{ mooncake }

the fragments are then so many stones on the perimeter of a circle

--roland barthes




To be honest, I always found the controversy a little bewildering; it makes sense to me that this is what art does. I think I’ve always instinctively believed that truth is separate from fact, and that there is a truth (and beauty) of rhythm, tone, emotion. It’s important to dialogue and be aware and thoughtful, but one somewhat disconcerting result I’ve noticed, as the line (demarcating genre, truth, art) becomes a focus of discussion, is that I’ve become more and more paranoid-pedantic in my own writing. I used to be freer in my writing, barely gave a thought to the existence of a line somewhere. (I miss that.)

(What is also interesting to me is this tension as our society is both increasingly defined by an age of information, an obsession with facts and knowledge, and increasingly characterized by a fluidity of “truth,” a belief that all knowledge is a bit of an illusion. It’s like something building and something emptying at the same time. Maybe it makes sense: with chaotic accumulation comes a muddling of boundaries.)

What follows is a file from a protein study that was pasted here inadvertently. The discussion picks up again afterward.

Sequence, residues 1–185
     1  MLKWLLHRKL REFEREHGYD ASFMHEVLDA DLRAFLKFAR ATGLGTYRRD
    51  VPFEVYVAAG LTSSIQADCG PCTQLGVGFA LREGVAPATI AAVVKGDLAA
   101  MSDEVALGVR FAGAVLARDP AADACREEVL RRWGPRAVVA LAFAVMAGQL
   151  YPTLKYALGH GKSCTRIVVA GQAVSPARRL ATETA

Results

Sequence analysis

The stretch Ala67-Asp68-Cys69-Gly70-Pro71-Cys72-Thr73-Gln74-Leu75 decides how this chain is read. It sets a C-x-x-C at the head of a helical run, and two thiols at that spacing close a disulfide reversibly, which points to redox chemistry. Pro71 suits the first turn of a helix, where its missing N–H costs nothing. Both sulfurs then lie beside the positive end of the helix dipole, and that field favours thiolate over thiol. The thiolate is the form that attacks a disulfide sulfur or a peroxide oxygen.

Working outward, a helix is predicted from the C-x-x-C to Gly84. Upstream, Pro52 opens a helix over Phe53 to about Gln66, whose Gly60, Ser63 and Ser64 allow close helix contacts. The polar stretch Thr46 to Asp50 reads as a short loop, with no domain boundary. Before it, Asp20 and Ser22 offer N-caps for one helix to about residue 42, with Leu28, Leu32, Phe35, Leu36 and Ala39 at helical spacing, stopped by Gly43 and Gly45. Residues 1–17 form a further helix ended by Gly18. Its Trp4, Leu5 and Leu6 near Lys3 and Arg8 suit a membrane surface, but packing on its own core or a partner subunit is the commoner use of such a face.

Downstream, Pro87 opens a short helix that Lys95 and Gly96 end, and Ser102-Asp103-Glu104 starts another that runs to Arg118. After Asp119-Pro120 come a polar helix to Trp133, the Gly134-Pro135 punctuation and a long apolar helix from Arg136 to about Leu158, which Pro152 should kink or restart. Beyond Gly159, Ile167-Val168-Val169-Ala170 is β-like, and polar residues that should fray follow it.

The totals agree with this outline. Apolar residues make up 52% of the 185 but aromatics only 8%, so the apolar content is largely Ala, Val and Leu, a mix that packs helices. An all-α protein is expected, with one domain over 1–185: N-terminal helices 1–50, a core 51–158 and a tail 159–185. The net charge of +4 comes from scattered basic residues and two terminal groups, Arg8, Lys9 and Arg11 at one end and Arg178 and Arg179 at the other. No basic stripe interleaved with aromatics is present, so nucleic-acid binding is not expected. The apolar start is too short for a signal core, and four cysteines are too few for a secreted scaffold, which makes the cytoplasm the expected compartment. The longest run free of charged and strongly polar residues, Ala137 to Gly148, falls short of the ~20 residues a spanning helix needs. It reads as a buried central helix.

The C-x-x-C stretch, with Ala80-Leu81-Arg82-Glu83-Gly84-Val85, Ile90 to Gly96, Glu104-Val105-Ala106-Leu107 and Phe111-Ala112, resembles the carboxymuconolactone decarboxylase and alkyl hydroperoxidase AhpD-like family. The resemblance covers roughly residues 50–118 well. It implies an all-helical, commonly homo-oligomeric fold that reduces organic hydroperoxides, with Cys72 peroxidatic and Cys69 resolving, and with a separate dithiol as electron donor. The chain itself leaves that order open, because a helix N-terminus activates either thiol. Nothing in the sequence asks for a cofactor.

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http://harpers.org/archive/2012/02/0083770

http://ttbook.org/book/john-dagata-and-jim-fingal-lifespan-fact

http://www.salon.com/2012/02/09/in_defense_of_fact_checking/singleton/

http://www.newyorker.com/online/blogs/books/2012/02/the-art-of-fact-checking.html

[via brevity.wordpress.com/]

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[Postscript]

Feb 12
notes, notes, notes

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